The George E. Burgess School opened in January 1906 for grades five and six. Just 11 years later there was another fire, but again it was rebuilt, and enlarged, from the original four rooms to eight rooms.

The school report for the 1917-18 school year claimed crowding had been eliminated. "The average number of pupils per grade room is now 38, a number well suited for good results in teachering," the report stated.

From that time until it closed in 1938 it housed grades 4-6. After that it was used for two to three years for W.P.A. sewing projects and storage for federal surplus commodities. At one time 55 women were employed there sewing.

In 1941 Guardian Angel Parish asked the city council to buy the building and it opened as Notre Dame High School. In 1948 the right wing with a cafeteria and gym/auditorium was added. In 1954 the left wing with more classrooms and nuns' quarters with chapel were added.

Notre Dame closed in 1972. For many years Notre Dame and Berlin High School had a fierce hockey rivalry, but when the time came, students from the two schools merged seamlessly.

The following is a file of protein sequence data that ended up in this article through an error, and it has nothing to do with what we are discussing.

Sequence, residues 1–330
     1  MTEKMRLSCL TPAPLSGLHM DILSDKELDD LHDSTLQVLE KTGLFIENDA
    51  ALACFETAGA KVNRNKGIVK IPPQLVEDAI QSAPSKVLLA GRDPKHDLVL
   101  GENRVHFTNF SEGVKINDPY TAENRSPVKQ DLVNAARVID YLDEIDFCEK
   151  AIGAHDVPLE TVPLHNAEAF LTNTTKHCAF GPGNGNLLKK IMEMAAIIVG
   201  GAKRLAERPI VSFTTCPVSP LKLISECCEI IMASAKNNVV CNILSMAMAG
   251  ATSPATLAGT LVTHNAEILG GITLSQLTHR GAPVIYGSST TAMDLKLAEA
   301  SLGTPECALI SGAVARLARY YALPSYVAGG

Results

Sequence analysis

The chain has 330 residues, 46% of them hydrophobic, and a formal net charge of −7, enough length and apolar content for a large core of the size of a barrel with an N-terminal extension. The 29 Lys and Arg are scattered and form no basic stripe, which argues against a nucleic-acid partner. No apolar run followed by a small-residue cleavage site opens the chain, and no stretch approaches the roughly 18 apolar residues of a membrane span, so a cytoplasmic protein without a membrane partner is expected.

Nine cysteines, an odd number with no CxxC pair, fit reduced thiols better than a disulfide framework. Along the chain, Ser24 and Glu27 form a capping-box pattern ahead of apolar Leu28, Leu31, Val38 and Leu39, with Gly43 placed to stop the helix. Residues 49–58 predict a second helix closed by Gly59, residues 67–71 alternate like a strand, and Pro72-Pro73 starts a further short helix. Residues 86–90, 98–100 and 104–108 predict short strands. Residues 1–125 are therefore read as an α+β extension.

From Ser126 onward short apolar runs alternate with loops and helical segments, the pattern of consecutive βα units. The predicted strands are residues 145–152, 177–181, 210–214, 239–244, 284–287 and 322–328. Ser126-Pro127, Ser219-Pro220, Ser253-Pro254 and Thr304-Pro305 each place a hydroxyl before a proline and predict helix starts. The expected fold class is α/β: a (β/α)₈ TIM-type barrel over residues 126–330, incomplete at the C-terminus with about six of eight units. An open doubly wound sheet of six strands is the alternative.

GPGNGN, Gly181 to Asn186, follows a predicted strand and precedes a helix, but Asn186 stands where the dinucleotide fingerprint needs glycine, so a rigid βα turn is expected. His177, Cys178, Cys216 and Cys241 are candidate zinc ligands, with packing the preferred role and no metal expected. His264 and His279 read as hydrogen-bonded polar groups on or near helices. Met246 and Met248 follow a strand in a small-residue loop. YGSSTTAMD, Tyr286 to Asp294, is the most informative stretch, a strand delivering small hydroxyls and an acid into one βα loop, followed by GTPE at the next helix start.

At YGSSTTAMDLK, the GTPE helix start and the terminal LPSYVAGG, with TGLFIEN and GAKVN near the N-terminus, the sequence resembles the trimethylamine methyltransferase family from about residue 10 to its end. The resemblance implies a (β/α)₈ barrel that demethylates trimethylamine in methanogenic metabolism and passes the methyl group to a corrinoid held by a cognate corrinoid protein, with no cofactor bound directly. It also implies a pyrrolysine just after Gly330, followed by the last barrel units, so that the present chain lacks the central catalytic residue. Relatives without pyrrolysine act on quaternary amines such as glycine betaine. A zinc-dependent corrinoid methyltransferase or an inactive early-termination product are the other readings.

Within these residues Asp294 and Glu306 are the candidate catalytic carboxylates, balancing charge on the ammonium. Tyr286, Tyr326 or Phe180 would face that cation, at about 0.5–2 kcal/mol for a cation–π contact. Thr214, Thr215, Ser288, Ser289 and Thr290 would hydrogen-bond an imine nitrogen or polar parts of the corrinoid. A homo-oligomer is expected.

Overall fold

Several other local Catholic Schools closed as well around that period, including: Our Lady of Mountains Academy in Gorham (1968), St. Francis Xavier in Groveton (1969), Our Lady of Mountains High School in Gorham (1969), St Benedict in Cascade Village (1969), St. Joseph Elementary in Berlin (1971) and St. Regis Academy in Berlin (1973).

In 1973 the city again used the building, for grades five and six. It was once again called the Burgess School. In 1984 the building closed for good. It remained abandoned and vandalized for the next 20 years.